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The secret of immortality may be contained within a jellyfish smaller than a human fingernail, so scientists have spent the last several decades trying to unlock the secrets of Turritopsis dohrnii, more commonly called the immortal jellyfish.
On Monday, researchers from the Universidad de Oviedo in Spain published new research in the journal Proceedings of the National Academy of Sciences (PNAS) that just may help crack that mystery. Long story short, the immortal jellyfish appear to have twice as many copies of the genes associated with repair and protection than its related — but mortal — cousin, the crimson jellyfish known as Turritopsis rubra.
"While aging affects most living organisms, the hydrozoan Turritopsis dohrnii is the only species able to rejuvenate repeatedly after sexual reproduction, becoming biologically immortal," the authors wrote in the paper. "We have identified variants and expansions of genes associated with replication, DNA repair, telomere maintenance, redox environment, stem cell population, and intercellular communication."
DNA repair and telomeres are particularly important to the critter. When times are tough or the jelly is starving, it re-absorbs its own tentacles and sinks to the seafloor, where it becomes a baby polyp once more and spouts off more jellies that will eventually mature into medusae.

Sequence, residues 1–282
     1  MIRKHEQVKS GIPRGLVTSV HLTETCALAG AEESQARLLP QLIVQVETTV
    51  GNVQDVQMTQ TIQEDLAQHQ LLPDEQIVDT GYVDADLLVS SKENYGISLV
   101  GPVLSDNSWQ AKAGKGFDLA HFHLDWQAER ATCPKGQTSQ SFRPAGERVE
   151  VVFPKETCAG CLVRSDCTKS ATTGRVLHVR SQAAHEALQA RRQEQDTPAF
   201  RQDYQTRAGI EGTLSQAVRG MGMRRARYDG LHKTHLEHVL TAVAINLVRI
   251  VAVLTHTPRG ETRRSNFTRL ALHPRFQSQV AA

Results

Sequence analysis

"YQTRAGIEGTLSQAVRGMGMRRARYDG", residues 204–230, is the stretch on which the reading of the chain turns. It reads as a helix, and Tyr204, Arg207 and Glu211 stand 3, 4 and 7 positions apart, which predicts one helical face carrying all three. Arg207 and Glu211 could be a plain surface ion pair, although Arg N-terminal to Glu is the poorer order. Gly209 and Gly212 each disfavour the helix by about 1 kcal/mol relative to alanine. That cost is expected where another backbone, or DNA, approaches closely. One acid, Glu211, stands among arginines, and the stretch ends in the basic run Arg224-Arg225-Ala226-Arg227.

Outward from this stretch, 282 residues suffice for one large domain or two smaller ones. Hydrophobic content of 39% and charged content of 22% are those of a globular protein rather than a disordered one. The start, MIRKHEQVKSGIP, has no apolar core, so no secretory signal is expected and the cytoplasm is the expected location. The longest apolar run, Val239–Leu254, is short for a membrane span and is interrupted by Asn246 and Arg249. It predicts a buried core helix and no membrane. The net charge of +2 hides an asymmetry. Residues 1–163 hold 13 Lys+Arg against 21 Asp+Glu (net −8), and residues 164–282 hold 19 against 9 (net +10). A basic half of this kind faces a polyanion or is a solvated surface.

The jelly's telomeres act like little DNA hard hats, protecting the ends of chromosomal strands as they reproduce. Normally, telomeres get shorter and are "used up" during this process, but that isn't the case with Turritopsis dohrnii.
It's easy to envy the immortal jellyfish, but it's equally important to be careful what you wish for. We still don't know how Turritopsis dohrnii edits its cells so easily, and on a semantic and philosophical level, it's not clear whether the resulting medusae are the same individual or not.
Still, researchers have cause to be excited — one of the best explanatory videos on the web about this special jelly describes how learning how to replace brain cells, for instance, could unlock new treatments for diseases that humans haven't yet been able to treat, like Parkinson's or Alzheimer's.
In a statement, study author and Universidad de Oviedo professor confirmed the team hopes to find out how to help humans live longer.
"From this knowledge we hope to find better answers to the many diseases associated with aging that overwhelm us today," Carlos López-Otín said.
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